Source: Kafka, Franz. Metamorphosis, Trans. David Wyllie. Gutenberg eBook #5200, May 20, 2012. Kurtz, G., Brackett, L., Kasdan, L., Kershner, I., Lucas, G., Hamill, M., Ford, H., ... Twentieth Century Fox Home Entertainment, Inc. (2004). Star Wars: Episode V. United States: 20th Century Fox.
Welcome to English Composition. I'm Gavin McCall. Thanks for joining me. What are we going to learn today? We're going to learn about summarizing and paraphrasing, two of the most effective ways writers can make use of their sources. Then we'll look at some examples.
Besides quoting directly, writers can also make use of their sources of information by summarizing and paraphrasing, two similar but distinct ways to represent another writer's ideas, points, and research in an essay. Like quoting, summarizing and paraphrasing are known as in-text citations, and require a parenthetical reference to indicate where they come from and how to find out more on the reference page.
Part of the value of these techniques is that they each keep the reader's focused on the writer's words and the interpretation of the source rather than presenting the words of that source directly. The biggest difference between the two is that the focus on summarizing is to distill the main ideas of a larger section of text or ideas from multiple sources. Whereas the goal of paraphrasing is to restate something in different words while retaining the original meaning and level of detail.
Mature writers are very selective about what quotes they use. Because they know it's only very rarely that the way another writer chose to phrase and present an idea or a point will exactly line up with the needs of their particular essay. So writers like that are much more likely to paraphrase or summarize the source's ideas or points. And in doing so, maintain control over their own writing process while demonstrating their own competence on the topic and emphasizing their own ideas.
Summarizing. The first of the two techniques we'll focus on is the act of expressing, in your own words, the key point or the thesis of a source. The purpose of it is generally to clarify another writer's thesis or key point in order to distinguish their ideas from your own, to demonstrate the depth of your research, and to show your awareness of the conversation around a topic, which enhances your credibility.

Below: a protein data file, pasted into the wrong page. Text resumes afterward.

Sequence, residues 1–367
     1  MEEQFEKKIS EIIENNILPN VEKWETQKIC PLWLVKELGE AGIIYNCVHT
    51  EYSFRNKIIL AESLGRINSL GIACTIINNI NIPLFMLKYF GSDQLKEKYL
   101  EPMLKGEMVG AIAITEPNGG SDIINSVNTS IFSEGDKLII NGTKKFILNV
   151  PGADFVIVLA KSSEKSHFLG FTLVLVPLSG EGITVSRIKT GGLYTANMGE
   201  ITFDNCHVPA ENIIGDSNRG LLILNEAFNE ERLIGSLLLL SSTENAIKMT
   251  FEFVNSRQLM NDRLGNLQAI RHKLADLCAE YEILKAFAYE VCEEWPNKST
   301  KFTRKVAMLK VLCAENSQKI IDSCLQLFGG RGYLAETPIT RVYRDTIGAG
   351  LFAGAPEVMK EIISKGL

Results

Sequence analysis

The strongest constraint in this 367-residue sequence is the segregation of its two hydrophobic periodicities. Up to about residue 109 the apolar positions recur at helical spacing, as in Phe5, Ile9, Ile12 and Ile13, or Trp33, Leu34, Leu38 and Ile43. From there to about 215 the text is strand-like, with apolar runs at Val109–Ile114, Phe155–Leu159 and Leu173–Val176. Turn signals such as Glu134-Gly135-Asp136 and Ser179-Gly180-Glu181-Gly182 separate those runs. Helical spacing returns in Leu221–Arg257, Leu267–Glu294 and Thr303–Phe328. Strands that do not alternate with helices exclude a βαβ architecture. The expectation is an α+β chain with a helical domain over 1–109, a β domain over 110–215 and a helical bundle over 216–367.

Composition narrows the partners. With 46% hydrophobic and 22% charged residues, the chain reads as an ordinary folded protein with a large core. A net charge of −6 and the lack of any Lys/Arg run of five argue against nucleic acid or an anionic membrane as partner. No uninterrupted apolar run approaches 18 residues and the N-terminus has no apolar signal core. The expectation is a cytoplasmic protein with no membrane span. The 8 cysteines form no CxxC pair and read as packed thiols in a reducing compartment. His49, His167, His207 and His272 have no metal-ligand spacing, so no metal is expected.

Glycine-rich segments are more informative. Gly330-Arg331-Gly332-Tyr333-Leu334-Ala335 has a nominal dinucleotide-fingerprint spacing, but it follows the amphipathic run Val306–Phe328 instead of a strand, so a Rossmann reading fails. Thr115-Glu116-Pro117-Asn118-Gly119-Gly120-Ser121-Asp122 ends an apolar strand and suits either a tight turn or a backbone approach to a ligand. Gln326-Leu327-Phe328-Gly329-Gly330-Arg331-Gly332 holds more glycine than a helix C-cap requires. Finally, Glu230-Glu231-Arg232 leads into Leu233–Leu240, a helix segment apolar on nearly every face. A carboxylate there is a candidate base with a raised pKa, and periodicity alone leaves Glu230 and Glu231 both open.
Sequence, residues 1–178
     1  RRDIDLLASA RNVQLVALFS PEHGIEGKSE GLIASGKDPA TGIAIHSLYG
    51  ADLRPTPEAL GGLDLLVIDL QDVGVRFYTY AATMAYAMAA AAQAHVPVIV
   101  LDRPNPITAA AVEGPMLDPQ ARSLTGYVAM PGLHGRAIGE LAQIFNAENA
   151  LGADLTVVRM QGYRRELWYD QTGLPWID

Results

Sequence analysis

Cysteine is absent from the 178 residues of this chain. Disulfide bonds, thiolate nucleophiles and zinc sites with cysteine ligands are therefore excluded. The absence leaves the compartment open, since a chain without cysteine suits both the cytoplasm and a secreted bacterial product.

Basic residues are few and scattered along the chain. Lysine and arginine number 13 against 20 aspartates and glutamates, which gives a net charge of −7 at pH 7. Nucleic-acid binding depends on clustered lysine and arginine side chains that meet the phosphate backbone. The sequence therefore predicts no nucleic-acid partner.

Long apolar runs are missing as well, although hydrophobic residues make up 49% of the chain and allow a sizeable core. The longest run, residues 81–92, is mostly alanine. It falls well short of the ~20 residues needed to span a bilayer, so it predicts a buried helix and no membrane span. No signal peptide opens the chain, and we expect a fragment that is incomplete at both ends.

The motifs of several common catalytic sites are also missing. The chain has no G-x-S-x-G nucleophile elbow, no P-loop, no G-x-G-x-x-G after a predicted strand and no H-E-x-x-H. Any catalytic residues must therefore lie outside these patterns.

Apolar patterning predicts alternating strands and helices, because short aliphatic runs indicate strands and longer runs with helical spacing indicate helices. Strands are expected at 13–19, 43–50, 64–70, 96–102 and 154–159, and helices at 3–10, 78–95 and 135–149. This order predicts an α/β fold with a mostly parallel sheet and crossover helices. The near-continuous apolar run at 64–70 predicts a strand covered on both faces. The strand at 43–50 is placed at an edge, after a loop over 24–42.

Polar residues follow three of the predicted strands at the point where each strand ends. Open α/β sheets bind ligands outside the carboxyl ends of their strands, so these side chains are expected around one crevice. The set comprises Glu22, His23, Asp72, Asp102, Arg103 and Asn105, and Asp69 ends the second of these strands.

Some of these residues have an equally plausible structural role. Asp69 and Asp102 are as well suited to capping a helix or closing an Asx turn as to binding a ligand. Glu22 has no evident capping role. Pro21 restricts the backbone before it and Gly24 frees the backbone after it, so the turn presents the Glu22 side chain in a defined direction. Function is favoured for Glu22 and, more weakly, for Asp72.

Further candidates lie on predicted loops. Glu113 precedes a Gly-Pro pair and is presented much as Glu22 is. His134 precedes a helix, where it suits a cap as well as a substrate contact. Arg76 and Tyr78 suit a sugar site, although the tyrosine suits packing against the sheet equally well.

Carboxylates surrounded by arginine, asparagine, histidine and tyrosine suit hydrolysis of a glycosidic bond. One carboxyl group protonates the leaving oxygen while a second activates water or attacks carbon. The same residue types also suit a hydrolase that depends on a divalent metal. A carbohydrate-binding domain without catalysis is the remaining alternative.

This is a valuable technique for writers for two main reasons. First, practicing summarization helps us learn to quickly distill a text's primary points and thesis. And in the essay itself, summarizing enables the writer to acknowledge other arguments without taking up a lot of time or space. It also allows writers to gather multiple sources together and summarise all their key points, ideas, or thesis statements that they have in common.
And like any other writing technique, there's an art and skill to summarizing effectively. Obviously, since every source is different, every summary will need to be performed in slightly different ways. But in general, it's a good idea to only summarise what's most important in a source.
That being said, we do need to be accurate while only summarizing what's most relevant or important to our own writing needs. And like any other aspect of writing, remember that summaries are yours to do with as you will. Use them in your text to better fulfill the needs of your project, or not at all.
Paraphrasing is similar to summarising in that it is stating another writer's ideas and points in your own words. We paraphrase in order to convey a source's ideas or points while keeping the reader's focused on our own words and ideas overall.
It's especially useful for improving clarity of the text as a whole and explaining our source's connection to our own argument. It's also useful for adding complexity to a direct quotation, either by restating a new word that the quotations said or by interpreting the quote. It's good for going into detail around the information surrounding a quote too.